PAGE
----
All of what we’d like to see is more than enough to challenge two governor terms, much less one. Some of this year’s Governor candidates want still more. That’s OK, for a wish list but not for the campaign, which we hope will be about now and the next four years, not times still over the horizon. After all, our list doesn’t even talk about climate change, alternative fuels, conservation, affordable housing, in-state tuition for undocumented immigrant kids, and local aid — any one of which could occupy an entire editorial.

— Mike Freedberg / Here and Sphere

THE FIRST AMENDMENT PROTECTS SPEECH, NOT PURCHASE

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^ protesting the purchase of our democracy : St Senator Jamie Eldridge and Common Cause chairperson Pam Wilmot (both on right) at the state House yesterday

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Yesterday the Supreme Court, by its usual 5 to 4 vote, decided that “participation in the political process” means allowing the very rich to buy the process. We vigorously disagree,

Money is NOT speech. It only BUYS speech. There is no word in the First Amendment about buying speech. The First Amendment protects such speech as is spoken (with a few exceptions that do not apply here) and that is all.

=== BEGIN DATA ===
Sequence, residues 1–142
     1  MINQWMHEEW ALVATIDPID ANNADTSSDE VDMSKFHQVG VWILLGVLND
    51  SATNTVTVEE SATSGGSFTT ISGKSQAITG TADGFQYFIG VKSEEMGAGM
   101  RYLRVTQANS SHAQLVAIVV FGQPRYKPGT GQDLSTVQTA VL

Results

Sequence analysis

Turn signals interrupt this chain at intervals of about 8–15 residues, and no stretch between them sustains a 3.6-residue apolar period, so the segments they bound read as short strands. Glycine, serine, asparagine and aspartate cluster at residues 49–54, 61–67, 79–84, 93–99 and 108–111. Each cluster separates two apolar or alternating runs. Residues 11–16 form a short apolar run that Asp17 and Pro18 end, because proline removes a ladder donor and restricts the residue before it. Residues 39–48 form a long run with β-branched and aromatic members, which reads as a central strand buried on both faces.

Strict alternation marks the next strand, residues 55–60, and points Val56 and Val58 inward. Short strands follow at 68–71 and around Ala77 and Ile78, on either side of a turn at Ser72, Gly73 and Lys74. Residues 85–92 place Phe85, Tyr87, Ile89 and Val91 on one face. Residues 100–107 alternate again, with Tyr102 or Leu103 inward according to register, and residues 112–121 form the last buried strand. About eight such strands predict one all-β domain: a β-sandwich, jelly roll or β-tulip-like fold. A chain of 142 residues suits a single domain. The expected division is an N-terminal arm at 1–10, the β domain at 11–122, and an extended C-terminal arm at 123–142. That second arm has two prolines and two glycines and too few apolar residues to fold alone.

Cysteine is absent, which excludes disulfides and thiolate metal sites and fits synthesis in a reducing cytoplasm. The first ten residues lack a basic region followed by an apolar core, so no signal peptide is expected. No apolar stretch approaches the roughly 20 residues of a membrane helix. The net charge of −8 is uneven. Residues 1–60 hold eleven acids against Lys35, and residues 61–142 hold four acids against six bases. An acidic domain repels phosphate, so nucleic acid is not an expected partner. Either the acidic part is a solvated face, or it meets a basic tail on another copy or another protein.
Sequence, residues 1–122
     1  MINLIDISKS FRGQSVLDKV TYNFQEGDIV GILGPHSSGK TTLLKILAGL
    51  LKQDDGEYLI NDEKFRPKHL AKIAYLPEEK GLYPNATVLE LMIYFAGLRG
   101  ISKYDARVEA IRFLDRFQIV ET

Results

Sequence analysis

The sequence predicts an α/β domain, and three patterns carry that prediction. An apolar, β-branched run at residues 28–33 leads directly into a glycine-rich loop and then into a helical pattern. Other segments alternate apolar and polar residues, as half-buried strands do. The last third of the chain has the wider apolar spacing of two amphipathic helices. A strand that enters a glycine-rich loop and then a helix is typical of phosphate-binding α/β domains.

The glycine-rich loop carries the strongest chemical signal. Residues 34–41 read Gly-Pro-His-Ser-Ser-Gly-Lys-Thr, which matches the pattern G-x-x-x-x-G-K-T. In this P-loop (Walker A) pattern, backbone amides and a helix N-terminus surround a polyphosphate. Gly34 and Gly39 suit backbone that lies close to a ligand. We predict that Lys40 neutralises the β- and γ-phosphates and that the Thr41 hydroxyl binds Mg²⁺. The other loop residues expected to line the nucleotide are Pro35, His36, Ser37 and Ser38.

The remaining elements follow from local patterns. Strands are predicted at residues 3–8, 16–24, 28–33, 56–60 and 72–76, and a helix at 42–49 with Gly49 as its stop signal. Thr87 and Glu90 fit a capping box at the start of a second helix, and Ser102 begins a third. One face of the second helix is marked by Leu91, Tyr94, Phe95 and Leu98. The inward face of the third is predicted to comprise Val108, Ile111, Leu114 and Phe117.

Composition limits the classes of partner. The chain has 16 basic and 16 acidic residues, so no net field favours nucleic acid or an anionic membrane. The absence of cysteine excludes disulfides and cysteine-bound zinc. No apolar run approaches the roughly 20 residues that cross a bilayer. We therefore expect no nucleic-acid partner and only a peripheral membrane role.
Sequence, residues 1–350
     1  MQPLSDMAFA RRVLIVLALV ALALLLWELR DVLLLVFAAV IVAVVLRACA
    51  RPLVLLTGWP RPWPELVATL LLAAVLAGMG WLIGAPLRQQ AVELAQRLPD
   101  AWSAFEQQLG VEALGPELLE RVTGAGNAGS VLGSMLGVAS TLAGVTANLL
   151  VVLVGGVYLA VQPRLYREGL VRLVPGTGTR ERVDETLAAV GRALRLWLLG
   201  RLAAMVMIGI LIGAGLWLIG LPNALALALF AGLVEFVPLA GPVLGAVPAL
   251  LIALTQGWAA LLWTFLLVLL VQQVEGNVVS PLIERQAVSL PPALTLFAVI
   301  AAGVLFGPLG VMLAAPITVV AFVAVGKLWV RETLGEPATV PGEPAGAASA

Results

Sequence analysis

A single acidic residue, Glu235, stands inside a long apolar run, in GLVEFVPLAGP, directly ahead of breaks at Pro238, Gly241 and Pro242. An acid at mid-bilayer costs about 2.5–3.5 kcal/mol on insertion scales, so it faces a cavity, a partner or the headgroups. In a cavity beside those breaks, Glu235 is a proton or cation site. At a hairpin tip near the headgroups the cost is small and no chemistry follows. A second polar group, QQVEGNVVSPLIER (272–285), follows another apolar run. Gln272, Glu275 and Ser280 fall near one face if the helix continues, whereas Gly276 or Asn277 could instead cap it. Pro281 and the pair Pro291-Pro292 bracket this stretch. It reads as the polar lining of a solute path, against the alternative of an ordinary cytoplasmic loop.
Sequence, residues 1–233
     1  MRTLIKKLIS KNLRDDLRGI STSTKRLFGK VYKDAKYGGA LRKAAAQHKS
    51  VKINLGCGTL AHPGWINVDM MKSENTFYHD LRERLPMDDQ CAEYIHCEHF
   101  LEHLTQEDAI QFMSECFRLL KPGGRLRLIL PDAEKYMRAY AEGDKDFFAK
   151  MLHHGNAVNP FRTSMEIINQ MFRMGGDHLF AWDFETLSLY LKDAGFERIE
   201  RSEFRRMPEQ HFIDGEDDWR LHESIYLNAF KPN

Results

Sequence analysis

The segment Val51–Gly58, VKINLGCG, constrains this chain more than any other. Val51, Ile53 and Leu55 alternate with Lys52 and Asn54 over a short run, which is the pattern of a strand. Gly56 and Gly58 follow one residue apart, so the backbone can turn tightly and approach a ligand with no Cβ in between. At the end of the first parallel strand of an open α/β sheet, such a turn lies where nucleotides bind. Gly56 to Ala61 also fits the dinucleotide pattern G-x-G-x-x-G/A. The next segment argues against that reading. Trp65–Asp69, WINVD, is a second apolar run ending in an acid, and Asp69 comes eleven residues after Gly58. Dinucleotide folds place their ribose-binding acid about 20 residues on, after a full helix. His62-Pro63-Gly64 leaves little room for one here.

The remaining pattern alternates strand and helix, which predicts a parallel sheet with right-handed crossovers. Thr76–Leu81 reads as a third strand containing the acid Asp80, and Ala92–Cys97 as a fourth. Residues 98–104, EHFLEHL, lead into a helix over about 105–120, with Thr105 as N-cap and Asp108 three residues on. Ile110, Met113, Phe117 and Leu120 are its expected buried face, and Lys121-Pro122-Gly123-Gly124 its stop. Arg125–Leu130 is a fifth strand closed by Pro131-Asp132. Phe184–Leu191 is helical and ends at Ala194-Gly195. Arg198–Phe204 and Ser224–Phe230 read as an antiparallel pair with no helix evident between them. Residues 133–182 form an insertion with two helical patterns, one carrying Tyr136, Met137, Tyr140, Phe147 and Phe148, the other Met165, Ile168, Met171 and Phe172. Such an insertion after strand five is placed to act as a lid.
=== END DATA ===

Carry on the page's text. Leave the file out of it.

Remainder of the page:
Anybody is free to speak out, on political matters above all. Anyone is free to publish. Anyone is free to advertise. That is all.
In political campiagns, speech gets printed or it gets broadcast. Printing and broascast, however, are businesses; and businesses have to charge those who buy space or time, because revenue from advertising is how media pay their costs. Obviously if a political campaign cannot pay for print or broadcast, its speech isn’t going to heard by many.

Thus there is room to accord campaigns legal authority to raise enough money to get their speech printed or broadcast. And to grant the same authority to interest groups advocating an issue. The question is, what kind of authority can we grant ?
It seems obvious to us that the authority to raise money cannot be open-ended, because if it is, then those who have lots of money to donate can hugely overtalk those who don’t have a lot of money. And there can never be any reason whatsoever, in a democracy, to permit anyone legal authority to overtalk anyone else. All voices must be accorded equal access to print and broadcast.

To allow otherwise is to sanction oligarchy. this we can never do.

Five justices of the Supreme Court seem not to understand the difference between speech and purchase.